Krazy & Ignatz, 1941-1942: “A Ragout of Raspberries”

Writer / Artist
Krazy & Ignatz, 1941-1942: “A Ragout of Raspberries”
Krazy & Ignatz 1941-1942 review
  • North American Publisher / ISBN: Fantagraphics Books - 978-1-56097-887-9
  • Volume No.: 12
  • Release date: 2008
  • UPC: 9781560978879
  • Contains adult content?: no
  • Does this pass the Bechdel test?: no
  • Positive minority portrayal?: no
  • CATEGORIES: Humour, Newspaper Strip

Volume twelve of of the collected Krazy Kat by George Herriman opens with a piece of original art by Herriman, the Krazy Kat Sunday page for March 4 1934. This is particularly interesting to see because it’s from the period when few papers were carrying the strip and microfilm copies of regional newspapers were the only sources to be found. A version of this page reconstructed from microfilm appears on page 93 of Krazy and Ignatz: 1933-1934. A comparison of this original art side-by-side with the printed version shows what the pages from this period were supposed to look like. It also shows how inadequate microfilm is as a medium for storing images, although we should be grateful that those Sunday pages were saved in any kind of readable form. That’s followed by one more previously unseen piece of Herriman artwork, a colour drawing made for actress Jean Harlow and director Hal Roach.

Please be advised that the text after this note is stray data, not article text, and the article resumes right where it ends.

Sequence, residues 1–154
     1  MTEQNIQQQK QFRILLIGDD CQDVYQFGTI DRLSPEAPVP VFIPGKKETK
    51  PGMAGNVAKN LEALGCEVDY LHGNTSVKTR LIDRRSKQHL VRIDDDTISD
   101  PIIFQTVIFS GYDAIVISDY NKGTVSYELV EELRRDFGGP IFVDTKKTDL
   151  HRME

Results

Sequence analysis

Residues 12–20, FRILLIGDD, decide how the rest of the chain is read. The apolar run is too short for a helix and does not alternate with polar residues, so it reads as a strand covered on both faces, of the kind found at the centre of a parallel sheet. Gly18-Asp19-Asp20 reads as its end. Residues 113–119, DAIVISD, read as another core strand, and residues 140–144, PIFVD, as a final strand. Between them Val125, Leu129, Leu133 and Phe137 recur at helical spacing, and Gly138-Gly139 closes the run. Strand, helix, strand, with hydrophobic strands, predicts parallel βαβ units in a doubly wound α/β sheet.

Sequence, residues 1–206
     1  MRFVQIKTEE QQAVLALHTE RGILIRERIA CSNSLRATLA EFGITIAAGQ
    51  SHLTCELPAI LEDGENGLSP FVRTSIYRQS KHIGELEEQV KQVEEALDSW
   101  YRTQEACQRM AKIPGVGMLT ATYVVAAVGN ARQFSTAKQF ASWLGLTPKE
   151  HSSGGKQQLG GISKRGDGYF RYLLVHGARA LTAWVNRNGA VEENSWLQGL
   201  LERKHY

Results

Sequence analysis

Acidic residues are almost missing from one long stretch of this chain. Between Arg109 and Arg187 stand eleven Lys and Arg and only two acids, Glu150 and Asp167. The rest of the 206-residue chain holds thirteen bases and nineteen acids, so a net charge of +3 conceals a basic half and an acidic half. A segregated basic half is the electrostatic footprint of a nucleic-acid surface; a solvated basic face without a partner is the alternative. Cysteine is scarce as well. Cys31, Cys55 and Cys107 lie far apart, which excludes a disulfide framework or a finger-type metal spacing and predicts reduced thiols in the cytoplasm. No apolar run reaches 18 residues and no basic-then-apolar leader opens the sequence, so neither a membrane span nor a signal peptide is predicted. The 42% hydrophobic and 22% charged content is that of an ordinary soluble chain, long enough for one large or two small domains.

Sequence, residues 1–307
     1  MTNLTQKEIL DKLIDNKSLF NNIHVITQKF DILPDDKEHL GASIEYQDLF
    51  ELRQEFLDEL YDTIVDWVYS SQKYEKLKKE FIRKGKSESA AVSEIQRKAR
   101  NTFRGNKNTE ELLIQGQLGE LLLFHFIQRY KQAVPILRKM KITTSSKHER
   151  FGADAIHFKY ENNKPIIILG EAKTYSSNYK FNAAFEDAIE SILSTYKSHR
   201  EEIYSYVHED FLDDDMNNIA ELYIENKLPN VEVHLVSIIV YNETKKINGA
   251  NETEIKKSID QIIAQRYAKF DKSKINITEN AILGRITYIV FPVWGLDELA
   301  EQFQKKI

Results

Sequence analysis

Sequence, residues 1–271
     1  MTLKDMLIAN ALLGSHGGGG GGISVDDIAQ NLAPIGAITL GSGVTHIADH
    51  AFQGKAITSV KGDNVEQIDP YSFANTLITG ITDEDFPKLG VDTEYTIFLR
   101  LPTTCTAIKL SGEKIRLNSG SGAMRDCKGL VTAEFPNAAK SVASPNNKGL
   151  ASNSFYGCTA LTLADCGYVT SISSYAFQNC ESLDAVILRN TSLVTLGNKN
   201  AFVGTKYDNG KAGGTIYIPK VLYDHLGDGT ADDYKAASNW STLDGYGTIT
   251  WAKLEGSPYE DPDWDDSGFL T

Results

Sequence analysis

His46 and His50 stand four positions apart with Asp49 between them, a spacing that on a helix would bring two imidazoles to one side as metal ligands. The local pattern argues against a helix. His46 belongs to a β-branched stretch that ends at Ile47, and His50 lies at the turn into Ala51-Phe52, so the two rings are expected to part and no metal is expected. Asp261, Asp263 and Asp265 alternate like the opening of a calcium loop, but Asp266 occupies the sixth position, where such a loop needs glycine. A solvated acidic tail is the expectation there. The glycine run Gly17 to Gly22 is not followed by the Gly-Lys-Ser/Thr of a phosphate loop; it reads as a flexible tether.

Jeet Heer’s introduction explores Herriman’s distinctive use of language in Krazy Kat, a subject which must have inspired a PhD or two. It could definitely fill a book of its own. Heer has three pages to point out some of the more obvious inspirations for Herriman’s wordplay including the Bible, hymns, popular songs of the day, and lyric poetry. Curiously, it doesn’t mention probably the single most characteristic feature of Herriman’s writing: his alliteration.

Meanwhile, the strips themselves continue their amazing mix of vaudevillian slapstick, highflown speechifying and ridiculous plots being cooked up and brought low in one scenario after another. The amount of dialogue in a typical page begins to lessen as the volume appraoches the end, but the ingenuity and visual power of the layouts and imagery doesn’t slacken at all. And for the last time, there’s a glimpse inside the “Jail” where Ignatz is fated to spend many of his days (page 105) and we see what it looks like from his perspective.

By this point there are no superlatives left to describe what a tremendous collection of sustained brilliance this work is. Krazy Kat’s 28-year run is like no other series the medium has ever seen. Herriman’s genius was consistent almost to the very end, which comes in the next and final collection of Sunday pages: Krazy and Ignatz, 1943-1944: “He Nods in Quiescent Siesta”.